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The principles of intent-based leadership according to David Marquet are as follows:
- Create leaders, not followers.
- Resist the urge to resolve problems of your people.
- Take deliberate action.
- Learn everywhere at any time.
- Specify goals, not methods.
- Don’t empower, emancipate.
Source: 10 Insights on Intent-Based Leadership — David Marquet.
Reading tip: Turn the Ship Around.
The ‘agile mindset’ discussion seems to be centered around five areas: complexity and planning, delivering value, self-organization, fostering collaboration, and cross-functionality of teams:
Mindset, Complexity, and Planning
- The definition of mindset: “The established set of attitudes held by someone.”
- The complexity challenge:
- The scientific management methodology of Federick Taylor does not apply to “creative work.”
- Problem-solving in a complex environment cannot be achieved with “more” planning.
- The future in the complex or chaotic domain cannot be predicted.
- Hence different approaches need to be employed when dealing with creative solutions in unchartered territory, for example, Empiricism or Lean.
Focus on Delivering Value
- Continuous value delivery to customers; outcome over output. (Manifesto of Agile Software Development: “Working software is the primary measure of progress.”)
- Continuous learning & applying empiricism:
- Deming: PDCA cycle.
- Empiricism: Transparency, inspection, adaptation.
- Iterative, incremental.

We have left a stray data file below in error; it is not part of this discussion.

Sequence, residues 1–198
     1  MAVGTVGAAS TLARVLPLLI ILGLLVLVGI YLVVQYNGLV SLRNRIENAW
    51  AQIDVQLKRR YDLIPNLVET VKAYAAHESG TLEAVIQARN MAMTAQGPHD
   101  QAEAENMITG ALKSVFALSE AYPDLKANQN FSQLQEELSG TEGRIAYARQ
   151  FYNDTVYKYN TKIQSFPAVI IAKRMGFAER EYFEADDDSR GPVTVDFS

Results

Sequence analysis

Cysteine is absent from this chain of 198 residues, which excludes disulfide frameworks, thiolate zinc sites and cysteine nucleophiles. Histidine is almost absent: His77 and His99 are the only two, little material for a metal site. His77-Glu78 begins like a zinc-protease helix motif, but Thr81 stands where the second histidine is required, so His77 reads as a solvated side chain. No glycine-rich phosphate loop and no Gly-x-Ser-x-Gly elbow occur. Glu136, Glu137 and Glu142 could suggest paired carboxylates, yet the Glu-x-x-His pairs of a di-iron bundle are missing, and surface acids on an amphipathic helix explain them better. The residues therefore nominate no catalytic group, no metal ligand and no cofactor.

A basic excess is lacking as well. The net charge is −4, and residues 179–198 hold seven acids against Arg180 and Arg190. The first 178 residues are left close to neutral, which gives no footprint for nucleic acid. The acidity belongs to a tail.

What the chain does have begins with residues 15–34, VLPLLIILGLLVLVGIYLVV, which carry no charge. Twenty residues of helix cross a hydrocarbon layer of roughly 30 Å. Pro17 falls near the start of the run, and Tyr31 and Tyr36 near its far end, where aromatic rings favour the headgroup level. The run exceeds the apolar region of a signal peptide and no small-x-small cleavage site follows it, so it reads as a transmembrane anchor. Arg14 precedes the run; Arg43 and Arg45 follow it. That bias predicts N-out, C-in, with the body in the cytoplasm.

- Accepting that failure is more than an option but inevitable.
- Willingness to adapt to change.
- Teams can best decide how to accomplish work and achieve the goal.
- Teams outperform individuals.
- Team building is a crucial success factor: The team wins, the team fails.
- Optimize for flow not utilization, and move from push to flow.
- The importance of values: courage, commitment, focus, openness, respect.
- Creating psychological safety and equal speaking opportunity.
- Respect for individuals.
- Inclusion and diversity.
- Core Protocols: Opt-in, opt-out, law of 2 feet — creative work requires voluntary participation.
- Prime directive: stop protecting the organization by assuming people come to the office to “rip you off.”
- Give people a voice, provide an opportunity to be heard.
Further reading: How to build the perfect team. [NYTimes.]
- End-to-end (value) delivery capability of teams.
- The autonomous pursuit of customer value balanced with accountability.
- Abandoning functional silos in favor of focusing on delivering value.
- Avoidance of local optimization.
- A cornerstone on the path to achieving business agility.
More Articles on Agile Leadership:
- What Exactly is the Agile Mindset?
- A Leader’s Framework for Decision Making.
- The New New Product Development Game.
Creating a Learning Organization
Peter Senge is a Senior Lecturer in Leadership and Sustainability at the MIT Sloan School of Management and coined the term ‘lerning organization’ in his book ‘The Fifth Discipline:’